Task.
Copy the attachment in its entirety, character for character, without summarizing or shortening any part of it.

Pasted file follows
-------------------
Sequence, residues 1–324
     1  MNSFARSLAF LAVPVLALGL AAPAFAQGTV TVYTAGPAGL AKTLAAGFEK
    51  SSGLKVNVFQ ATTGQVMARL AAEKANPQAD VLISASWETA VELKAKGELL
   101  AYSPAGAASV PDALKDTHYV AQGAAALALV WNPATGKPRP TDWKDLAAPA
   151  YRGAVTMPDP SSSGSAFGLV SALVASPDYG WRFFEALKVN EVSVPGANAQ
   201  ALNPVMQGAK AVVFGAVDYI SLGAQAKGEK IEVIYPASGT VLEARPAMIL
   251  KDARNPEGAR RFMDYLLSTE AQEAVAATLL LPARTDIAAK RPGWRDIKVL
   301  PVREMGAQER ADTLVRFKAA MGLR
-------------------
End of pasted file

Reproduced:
Sequence, residues 1–324
     1  MNSFARSLAF LAVPVLALGL AAPAFAQGTV TVYTAGPAGL AKTLAAGFEK
    51  SSGLKVNVFQ ATTGQVMARL AAEKANPQAD VLISASWETA VELKAKGELL
   101  AYSPAGAASV PDALKDTHYV AQGAAALALV WNPATGKPRP TDWKDLAAPA
   151  YRGAVTMPDP SSSGSAFGLV SALVASPDYG WRFFEALKVN EVSVPGANAQ
   201  ALNPVMQGAK AVVFGAVDYI SLGAQAKGEK IEVIYPASGT VLEARPAMIL
   251  KDARNPEGAR RFMDYLLSTE AQEAVAATLL LPARTDIAAK RPGWRDIKVL
   301  PVREMGAQER ADTLVRFKAA MGLR